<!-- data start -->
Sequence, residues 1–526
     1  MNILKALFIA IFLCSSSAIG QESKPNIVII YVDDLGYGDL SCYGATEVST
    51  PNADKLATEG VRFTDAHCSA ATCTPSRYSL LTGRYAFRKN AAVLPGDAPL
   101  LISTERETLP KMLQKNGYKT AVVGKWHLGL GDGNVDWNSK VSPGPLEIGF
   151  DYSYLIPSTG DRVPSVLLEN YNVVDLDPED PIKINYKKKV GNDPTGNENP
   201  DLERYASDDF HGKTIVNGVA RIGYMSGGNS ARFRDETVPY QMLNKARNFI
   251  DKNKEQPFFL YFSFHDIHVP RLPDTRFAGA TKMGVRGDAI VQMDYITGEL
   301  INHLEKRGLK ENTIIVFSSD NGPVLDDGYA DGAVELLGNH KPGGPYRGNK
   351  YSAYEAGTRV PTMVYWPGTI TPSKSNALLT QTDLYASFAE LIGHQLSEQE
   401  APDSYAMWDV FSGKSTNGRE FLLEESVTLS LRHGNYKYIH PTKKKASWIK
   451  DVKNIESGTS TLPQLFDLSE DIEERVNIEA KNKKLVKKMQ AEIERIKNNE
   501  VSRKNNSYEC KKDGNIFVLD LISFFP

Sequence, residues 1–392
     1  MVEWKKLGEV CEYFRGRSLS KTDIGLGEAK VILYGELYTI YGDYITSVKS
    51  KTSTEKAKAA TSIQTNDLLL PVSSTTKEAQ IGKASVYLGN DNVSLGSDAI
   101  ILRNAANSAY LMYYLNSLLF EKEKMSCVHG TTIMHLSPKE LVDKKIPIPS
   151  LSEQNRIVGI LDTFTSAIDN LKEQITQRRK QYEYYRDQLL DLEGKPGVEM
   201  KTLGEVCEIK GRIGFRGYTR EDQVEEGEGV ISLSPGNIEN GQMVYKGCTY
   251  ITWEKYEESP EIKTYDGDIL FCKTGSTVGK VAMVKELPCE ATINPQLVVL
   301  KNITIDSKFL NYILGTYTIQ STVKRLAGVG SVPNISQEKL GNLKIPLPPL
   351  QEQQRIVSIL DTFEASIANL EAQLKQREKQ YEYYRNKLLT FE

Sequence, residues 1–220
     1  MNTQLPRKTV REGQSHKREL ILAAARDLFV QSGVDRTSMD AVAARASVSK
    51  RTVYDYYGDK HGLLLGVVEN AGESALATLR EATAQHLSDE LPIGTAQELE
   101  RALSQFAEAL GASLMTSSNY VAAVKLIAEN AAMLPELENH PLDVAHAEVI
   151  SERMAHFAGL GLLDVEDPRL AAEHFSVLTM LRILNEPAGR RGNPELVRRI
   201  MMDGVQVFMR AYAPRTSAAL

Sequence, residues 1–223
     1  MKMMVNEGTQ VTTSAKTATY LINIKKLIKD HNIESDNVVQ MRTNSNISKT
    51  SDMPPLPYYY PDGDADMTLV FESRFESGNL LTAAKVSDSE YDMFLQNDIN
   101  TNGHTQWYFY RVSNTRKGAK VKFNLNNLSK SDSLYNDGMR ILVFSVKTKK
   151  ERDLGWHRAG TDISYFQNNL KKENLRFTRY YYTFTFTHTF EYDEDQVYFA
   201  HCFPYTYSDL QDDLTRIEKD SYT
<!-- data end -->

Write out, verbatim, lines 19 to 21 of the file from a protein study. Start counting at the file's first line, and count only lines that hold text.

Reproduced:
   251  ITWEKYEESP EIKTYDGDIL FCKTGSTVGK VAMVKELPCE ATINPQLVVL
   301  KNITIDSKFL NYILGTYTIQ STVKRLAGVG SVPNISQEKL GNLKIPLPPL
   351  QEQQRIVSIL DTFEASIANL EAQLKQREKQ YEYYRNKLLT FE